En Español

Q. Who is Mr. Smarty Plants?

A: There are those who suspect Wildflower Center volunteers are the culpable and capable culprits. Yet, others think staff members play some, albeit small, role. You can torture us with your plant questions, but we will never reveal the Green Guru's secret identity.

Help us grow by giving to the Plant Database Fund or by becoming a member

Did you know you can access the Native Plant Information Network with your web-enabled smartphone?

Share

Ask Mr. Smarty Plants

Ask Mr. Smarty Plants is a free service provided by the staff and volunteers at the Lady Bird Johnson Wildflower Center.

Search Smarty Plants
    
 
See a list of all Smarty Plants questions

Please forgive us, but Mr. Smarty Plants has been overwhelmed by a flood of mail and must take a break for awhile to catch up. We hope to be accepting new questions again soon. Thank you!

Need help with plant identification, visit the plant identification page.

 
rate this answer
Not Yet Rated

Thursday - June 10, 2010

From: Beaverton , MI
Region: Midwest
Topic: Propagation, Transplants
Title: Transplanting a Dutchman's pipe in Beaverton MI
Answered by: Barbara Medford

QUESTION:

When can I transplant a full grown dutchmans pipe plant? It is growing along side of the house and it needs a bigger place to grow. This is June and the plant is in full bloom full of pipes, but needs to be moved. Thank you

ANSWER:

There are 8 members of the genus Aristolochia, pipevine, native to North America. Two, Aristolochia macrophylla (pipevine) and Aristolochia serpentaria (Virginia snakeroot) are native to Michigan. The Virginia snakeroot seems to be the one you most likely have; the others in the genus in our Native Plant Database all are based farther south, in California and the southeast. 

We found a Michigan State University Extension website on Aristolochia serpentaria, which gave us a lot of information about the culture and locations of this plant, but neither this site nor any other we looked at on all the pipevines told us anything about transplanting it. We did find some generic instructions on transplanting vines, which we will pass on to you:

Transplant the vines in early spring before much growth occurs. First, to make transplanting more manageable, cut the vines back so only several feet of topgrowth remain. It can usually be cut back to the ground, but we suggest leaving some of the vine in place so you can see which shoots have survived. Dig the roots out carefully. Try to dig a ball large enough to hold together so you maintain soil contact with the roots. Take great care not to break the woody stem where it joins the roots. Sometimes the vine will still come up from the roots, but you have a better chance of success if you don't break the shoot. Cut out any dead material after the vines have resumed growth. Although the plants may look fine, take special care of them throughout the growing season. The plant is trying to reestablish the balance of roots to shoots and needs regular water.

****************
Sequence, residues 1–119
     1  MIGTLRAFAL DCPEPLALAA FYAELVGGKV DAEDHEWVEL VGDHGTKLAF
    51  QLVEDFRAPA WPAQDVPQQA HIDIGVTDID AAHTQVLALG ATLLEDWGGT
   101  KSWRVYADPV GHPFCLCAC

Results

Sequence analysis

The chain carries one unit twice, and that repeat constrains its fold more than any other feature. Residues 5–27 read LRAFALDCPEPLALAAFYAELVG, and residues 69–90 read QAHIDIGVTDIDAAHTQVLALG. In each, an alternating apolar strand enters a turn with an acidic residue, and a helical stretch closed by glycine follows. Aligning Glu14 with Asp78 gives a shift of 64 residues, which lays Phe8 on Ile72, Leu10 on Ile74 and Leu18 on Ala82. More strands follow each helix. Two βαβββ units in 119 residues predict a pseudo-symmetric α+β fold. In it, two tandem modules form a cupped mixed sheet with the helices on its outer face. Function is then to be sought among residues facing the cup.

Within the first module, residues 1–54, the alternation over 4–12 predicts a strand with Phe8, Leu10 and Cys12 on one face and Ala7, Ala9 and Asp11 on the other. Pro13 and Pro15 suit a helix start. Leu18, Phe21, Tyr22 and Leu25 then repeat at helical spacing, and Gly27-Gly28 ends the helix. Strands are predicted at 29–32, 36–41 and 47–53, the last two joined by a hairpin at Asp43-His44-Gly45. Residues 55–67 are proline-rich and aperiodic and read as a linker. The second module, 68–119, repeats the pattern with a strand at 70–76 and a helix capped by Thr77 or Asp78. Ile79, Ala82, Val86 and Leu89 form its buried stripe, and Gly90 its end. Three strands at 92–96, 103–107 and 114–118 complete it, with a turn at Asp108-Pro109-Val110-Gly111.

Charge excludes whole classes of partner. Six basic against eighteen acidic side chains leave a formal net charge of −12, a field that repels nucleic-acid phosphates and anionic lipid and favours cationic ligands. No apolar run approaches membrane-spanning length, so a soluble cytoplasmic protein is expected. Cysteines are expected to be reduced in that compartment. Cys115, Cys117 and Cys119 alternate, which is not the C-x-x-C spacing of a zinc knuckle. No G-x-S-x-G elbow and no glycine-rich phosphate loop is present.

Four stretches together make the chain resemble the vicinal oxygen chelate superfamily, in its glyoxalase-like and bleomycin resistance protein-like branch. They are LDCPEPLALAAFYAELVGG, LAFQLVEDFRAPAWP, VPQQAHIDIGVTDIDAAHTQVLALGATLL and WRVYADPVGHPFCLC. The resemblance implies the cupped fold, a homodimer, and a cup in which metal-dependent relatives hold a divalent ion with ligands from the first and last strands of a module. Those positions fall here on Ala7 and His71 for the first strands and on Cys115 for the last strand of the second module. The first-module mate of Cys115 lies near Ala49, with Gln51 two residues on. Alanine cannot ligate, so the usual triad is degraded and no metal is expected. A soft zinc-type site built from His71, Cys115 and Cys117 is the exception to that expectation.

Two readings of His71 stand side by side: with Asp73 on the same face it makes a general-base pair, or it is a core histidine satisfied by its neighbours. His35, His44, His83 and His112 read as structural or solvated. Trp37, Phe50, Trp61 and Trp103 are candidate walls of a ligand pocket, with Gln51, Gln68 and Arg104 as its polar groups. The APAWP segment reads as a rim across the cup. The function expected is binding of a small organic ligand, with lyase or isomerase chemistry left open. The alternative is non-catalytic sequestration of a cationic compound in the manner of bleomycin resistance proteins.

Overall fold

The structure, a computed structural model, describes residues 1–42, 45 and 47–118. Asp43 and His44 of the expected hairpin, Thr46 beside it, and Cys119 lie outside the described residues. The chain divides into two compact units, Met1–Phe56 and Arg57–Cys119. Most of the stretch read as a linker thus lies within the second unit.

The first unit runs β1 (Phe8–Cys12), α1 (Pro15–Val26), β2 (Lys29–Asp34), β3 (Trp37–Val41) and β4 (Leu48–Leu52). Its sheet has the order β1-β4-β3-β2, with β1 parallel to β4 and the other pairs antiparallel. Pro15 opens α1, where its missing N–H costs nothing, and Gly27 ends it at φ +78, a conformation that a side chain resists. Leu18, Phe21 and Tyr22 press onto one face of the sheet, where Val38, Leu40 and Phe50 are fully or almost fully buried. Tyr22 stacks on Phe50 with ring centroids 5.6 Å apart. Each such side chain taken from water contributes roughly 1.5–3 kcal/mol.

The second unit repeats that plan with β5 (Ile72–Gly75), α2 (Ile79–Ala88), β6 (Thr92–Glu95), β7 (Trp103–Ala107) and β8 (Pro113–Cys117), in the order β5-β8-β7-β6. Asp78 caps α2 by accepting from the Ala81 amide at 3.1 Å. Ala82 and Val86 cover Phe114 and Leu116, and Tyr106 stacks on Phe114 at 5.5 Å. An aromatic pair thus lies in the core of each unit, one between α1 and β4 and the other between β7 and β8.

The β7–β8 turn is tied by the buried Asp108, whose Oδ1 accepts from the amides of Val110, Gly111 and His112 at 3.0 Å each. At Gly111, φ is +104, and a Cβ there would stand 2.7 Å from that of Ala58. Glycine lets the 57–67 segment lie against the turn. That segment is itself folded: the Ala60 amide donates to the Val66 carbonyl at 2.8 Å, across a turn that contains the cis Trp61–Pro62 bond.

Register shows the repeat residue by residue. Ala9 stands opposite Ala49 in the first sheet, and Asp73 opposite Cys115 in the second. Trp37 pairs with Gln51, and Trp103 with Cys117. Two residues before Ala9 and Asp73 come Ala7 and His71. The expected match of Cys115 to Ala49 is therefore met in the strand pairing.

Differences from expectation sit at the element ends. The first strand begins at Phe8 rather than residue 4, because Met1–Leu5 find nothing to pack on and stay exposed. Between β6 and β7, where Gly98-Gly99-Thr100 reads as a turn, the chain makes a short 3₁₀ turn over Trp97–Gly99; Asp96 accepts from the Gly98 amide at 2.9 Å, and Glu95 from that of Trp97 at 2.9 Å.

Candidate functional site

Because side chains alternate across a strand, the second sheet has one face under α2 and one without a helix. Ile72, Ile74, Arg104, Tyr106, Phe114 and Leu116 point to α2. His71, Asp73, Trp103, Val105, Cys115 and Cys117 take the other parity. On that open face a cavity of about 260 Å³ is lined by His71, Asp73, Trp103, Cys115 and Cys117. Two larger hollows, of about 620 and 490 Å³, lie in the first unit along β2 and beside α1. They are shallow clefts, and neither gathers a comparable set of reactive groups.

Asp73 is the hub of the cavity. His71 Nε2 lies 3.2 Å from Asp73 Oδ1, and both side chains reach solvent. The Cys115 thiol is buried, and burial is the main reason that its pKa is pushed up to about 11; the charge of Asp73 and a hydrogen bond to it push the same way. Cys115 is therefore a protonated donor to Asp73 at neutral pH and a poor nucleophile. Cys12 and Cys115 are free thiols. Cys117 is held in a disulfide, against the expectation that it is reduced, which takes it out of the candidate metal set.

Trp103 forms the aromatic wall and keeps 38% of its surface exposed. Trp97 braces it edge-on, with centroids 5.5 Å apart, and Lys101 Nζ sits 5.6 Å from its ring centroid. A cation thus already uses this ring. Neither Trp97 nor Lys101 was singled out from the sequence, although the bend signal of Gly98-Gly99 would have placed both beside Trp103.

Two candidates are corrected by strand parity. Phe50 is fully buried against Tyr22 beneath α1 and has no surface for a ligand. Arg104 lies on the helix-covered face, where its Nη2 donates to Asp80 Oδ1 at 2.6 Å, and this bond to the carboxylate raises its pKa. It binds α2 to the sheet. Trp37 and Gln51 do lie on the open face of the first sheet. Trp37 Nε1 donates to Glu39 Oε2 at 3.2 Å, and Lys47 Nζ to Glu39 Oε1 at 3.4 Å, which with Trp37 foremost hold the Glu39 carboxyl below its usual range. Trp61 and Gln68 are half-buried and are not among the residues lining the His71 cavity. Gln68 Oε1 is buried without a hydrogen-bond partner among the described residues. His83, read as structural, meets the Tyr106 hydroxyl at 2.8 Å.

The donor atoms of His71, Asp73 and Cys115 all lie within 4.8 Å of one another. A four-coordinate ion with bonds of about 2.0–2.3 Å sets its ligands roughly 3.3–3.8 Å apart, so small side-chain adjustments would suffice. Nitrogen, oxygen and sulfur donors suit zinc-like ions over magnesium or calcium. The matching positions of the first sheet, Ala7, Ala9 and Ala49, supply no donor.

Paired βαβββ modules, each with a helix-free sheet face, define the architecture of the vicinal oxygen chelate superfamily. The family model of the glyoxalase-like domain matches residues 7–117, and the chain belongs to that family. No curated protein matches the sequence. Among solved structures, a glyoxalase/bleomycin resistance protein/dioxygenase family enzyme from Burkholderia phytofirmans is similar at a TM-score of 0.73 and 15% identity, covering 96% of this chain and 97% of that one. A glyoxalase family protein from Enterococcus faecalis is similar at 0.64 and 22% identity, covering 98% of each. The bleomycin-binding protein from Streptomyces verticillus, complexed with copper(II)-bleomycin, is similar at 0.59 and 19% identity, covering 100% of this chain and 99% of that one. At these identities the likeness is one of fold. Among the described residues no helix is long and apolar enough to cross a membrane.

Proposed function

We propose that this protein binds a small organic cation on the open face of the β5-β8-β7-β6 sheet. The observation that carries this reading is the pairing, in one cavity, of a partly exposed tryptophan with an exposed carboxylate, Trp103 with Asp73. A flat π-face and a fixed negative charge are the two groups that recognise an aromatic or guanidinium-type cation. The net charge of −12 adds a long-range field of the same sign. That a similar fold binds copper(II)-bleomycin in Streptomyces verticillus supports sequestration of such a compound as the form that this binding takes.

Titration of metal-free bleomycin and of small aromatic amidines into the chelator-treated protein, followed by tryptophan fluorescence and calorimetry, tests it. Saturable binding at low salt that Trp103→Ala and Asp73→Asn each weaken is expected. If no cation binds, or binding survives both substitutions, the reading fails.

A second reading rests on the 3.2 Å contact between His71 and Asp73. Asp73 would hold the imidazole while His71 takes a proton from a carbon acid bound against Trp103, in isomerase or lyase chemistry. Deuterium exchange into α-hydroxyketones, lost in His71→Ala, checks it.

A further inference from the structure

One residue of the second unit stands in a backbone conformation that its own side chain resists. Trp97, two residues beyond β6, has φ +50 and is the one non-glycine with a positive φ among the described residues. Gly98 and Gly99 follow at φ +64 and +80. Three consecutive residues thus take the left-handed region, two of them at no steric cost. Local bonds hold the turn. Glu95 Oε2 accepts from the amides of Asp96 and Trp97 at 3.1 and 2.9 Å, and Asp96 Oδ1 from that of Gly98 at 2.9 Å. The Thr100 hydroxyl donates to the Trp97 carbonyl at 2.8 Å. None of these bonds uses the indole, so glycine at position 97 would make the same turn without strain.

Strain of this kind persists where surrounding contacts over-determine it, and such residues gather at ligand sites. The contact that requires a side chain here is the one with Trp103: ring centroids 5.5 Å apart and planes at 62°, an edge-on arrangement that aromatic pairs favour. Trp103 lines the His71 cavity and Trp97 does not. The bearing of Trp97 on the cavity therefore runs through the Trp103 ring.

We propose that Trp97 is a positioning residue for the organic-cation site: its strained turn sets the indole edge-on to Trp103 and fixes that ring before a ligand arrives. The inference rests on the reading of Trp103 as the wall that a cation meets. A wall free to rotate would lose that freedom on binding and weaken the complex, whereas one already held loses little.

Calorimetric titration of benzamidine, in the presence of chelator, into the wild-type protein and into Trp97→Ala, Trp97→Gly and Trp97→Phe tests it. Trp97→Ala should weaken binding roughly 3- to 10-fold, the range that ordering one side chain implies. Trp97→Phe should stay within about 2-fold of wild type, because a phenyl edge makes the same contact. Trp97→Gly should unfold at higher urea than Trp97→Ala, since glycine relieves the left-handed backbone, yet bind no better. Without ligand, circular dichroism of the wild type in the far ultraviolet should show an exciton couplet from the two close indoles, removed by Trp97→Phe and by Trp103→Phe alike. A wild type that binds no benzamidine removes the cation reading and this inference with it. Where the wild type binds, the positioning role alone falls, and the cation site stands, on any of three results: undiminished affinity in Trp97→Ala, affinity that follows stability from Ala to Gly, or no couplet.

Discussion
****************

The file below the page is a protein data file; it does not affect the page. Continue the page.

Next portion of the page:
You said this plant needs to be moved. As in, NOW? In that case, pretend this is early Spring, which it isn't, even in Michigan, and follow the instructions. You will probably lose the blossoms and the seeds for this year, but hopefully not the roots.

Pictures of Aristolochia macrophylla from Google

Pictures of Aristolochia serpentaria from Google

From our Native Plant Image Gallery


Aristolochia serpentaria

 

 

 

 

More Transplants Questions

Transplant time for small smoke tree from Battle Ground WA
June 01, 2014 - When do I transplant a smoke tree that is still young, about a foot high? It is too close to a fence, which I fear will be a problem as it gets big. I live in Battle Ground, WA which is zone 6.
view the full question and answer

Fast-growing tree for Wilmington NC
May 22, 2010 - What kind of fast-growing tree would you plant in Wilmington, NC?
view the full question and answer

Removing existing shrubs from Grapevine TX
September 24, 2012 - We just bought a house and we have some shrubs and hedges we want to remove. What is the best way to remove them so that they don't grow back? We have some holly hedges, a very large cedar or juniper...
view the full question and answer

Transplanting roughleaf dogwood in Pflugerville, TX
March 28, 2007 - Hello. My rougleaf dogwood is suckering enthusiastically, and rather than mow off all the root suckers, I'd like to transplant a couple of them to the stream bank in the greenbelt behind my house. ...
view the full question and answer

Care for large trumpet vine in Hugo MN
June 09, 2010 - I was recently given a large Trumpet vine that has been growing in the same place for the last 25 years.I have replanted it and given it a large trellis to grow on.I live in central Minnesota. My ques...
view the full question and answer

Support the Wildflower Center by Donating Online or Becoming a Member today.
E-NEWSLETTER | BECOME A MEMBER | DONATE NOW | MEDIA | JOBS | SITEMAP | STAFF INTRANET
© 2016 Lady Bird Johnson Wildflower Center